Palliative Care Coming To Waterdown Library on Thursday February 2nd

The next best thing after publishing a book is having people who admit to reading it! I’m fortunate that librarians at Hamilton Public Library have invited me to talk with their readers. Tomorrow,  Thursday February 3rd I will be speaking about the experience of writing a novel that addresses the joys and frustrations of palliative care.

Here’s how it’s billed:

Autumn’s Grace – Reflections on Writing a Family’s Journey Through Palliative Care.

Autumn's Grace Cover

Author and Registered Nurse, Bonnie Lendrum, could have chosen a lighter topic than palliative care for her first novel, but she didn’t. Instead, she chose to write about something that worried her…how we as a society manage end-of-life care. Lendrum will combine readings from Autumns’ Grace with observations on family dynamics, health care policy and practices. Like the novel, the talk will contain hearty doses of courage, humour and hope.

Consider this note to be an invitation that you may extend to friends and family to come to the  Hamilton Public Library, Waterdown Branch, 163 Dundas St. East, Waterdown, for 7:00 p.m. Thursday , February 2, 2017. Call the library to register (905-689-6269  x1021), or just plan to show up.

Bonnie Lendrum is the author of Autumn’s Grace, the story of how one family manages the experience of palliative care with hope and humor despite sibling conflicts, generational pulls and career demands.

Autumn’s Grace – at Audreys Books on June 5th

audresys-584Back in the 1950’s one of my Canadian heroes, Mel Hurtig,  was an Indie bookstore owner and publisher. In his Edmonton stores, authors could stage plays, perform readings and drink coffee with patrons. How cool was that?

This lucky author will be reading at one of these locations (10702 Jasper Avenue) on Sunday June 5th at 2:00. The bookstore is now named Audreys Books Ltd. It’s owned by two invincible spirits, Steve and Sharon Budnarchuk, who have made this author from the east feel quite welcome in the west.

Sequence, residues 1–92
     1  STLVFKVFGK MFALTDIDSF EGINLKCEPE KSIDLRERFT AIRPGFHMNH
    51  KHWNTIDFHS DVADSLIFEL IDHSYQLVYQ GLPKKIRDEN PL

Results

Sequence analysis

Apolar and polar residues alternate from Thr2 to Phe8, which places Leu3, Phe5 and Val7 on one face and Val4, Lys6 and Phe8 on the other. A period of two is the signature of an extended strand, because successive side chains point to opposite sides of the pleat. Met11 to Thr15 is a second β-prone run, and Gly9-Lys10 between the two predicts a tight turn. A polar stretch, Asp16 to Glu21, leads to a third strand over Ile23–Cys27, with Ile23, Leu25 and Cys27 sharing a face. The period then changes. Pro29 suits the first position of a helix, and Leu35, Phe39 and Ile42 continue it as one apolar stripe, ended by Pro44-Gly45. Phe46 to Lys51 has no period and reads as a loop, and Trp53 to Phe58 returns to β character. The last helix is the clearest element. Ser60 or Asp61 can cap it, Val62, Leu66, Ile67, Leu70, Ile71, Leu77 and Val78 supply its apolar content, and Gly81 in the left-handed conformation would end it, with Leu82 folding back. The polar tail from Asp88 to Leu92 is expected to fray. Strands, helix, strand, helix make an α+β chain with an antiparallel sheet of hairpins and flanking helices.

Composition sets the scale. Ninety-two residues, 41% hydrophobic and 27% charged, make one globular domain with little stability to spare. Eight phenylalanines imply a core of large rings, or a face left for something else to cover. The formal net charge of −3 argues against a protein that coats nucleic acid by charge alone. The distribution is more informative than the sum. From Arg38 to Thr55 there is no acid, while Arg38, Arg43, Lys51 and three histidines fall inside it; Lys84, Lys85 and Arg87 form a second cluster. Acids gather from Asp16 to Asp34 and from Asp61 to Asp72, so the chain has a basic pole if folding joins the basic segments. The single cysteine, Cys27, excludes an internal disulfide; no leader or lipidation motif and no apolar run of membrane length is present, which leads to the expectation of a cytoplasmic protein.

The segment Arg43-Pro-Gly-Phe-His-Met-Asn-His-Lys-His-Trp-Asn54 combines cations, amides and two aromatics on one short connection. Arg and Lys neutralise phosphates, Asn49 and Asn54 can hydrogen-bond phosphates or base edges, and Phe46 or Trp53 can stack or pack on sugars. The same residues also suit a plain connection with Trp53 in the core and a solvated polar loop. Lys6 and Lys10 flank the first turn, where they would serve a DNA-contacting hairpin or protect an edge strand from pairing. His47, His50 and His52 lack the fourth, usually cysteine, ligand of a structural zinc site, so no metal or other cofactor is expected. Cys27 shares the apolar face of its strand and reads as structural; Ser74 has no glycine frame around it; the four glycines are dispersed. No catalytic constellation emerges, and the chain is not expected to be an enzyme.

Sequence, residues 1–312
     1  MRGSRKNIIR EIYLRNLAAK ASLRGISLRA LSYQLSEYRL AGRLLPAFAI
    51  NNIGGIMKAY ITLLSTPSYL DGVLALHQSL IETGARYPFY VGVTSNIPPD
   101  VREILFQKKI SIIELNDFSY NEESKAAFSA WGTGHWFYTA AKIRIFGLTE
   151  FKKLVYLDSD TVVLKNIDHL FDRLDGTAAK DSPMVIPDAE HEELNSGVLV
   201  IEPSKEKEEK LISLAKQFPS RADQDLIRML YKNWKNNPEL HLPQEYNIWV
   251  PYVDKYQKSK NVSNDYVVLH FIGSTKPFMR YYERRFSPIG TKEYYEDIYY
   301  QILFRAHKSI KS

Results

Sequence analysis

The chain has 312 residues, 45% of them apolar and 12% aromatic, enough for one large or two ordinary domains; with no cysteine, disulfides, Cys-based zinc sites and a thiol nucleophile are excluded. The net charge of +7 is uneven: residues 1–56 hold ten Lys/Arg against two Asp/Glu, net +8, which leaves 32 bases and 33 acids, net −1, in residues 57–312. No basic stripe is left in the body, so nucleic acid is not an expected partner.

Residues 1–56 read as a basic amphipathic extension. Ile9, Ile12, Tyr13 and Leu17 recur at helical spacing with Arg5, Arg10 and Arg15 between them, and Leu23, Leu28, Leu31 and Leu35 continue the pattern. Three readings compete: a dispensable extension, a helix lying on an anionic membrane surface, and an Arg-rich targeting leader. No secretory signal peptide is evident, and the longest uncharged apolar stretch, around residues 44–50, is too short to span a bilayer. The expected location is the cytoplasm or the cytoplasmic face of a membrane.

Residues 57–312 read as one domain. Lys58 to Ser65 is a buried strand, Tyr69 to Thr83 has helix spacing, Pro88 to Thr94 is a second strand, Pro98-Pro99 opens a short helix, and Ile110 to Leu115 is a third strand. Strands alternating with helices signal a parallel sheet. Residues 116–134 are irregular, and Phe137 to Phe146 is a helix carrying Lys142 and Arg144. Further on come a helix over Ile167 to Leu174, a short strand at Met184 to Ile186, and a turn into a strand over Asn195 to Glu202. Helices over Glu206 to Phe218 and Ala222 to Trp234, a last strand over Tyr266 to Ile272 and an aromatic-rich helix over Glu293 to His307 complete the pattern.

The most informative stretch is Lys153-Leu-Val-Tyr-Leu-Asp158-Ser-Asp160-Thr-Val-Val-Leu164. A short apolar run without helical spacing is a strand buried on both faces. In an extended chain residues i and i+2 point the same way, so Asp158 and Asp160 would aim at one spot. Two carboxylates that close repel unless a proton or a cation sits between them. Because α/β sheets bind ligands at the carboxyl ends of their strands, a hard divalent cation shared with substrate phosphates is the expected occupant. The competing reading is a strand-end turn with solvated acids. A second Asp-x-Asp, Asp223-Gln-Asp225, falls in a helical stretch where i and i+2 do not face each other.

Please tell friends and family to drop by on Sunday afternoon to say “Hello!” and to support these Indie Booksellers.

 

 

Reflections on Writing a Family’s Journey Through Palliative Care – An Afternoon Discussion at Westdale Public Library

Tuesday February 16, 2016 at the Hamilton Public Library, Westdale Branch – 2:00 -3:00 p.m.

Author and nurse, Bonnie Lendrum, could have chosen a lighter topic than palliative care for her first novel, but she didn’t. Instead, she chose to write about something that worried her…how we as a society manage end-of-life care. Lendrum will combine readings from Autumns’ Grace with observations on family dynamics, health care policy and practices. Like the novel, the talk will contain hearty doses of courage, humour and hope.

Please feel free to share this post with friends, family and neighbours.

Aging and Dying As a Crescendo at the End of Life

My godson (a thoughtful, kind and generous young man) has just shared a TED Talk with me. It’s about palliative care and our need to re-think and re-design our approaches to dying …. the systems as well as the bricks and mortar. We need a design that embodies caring, compassion, dignity, and beneficence…a design that celebrates life as we prepare for death.

Have a listen to this 19 minute clip….

The Show Must Go On – Concussed Author Reads at the Lit Live Reading Series

 

 

photo (6)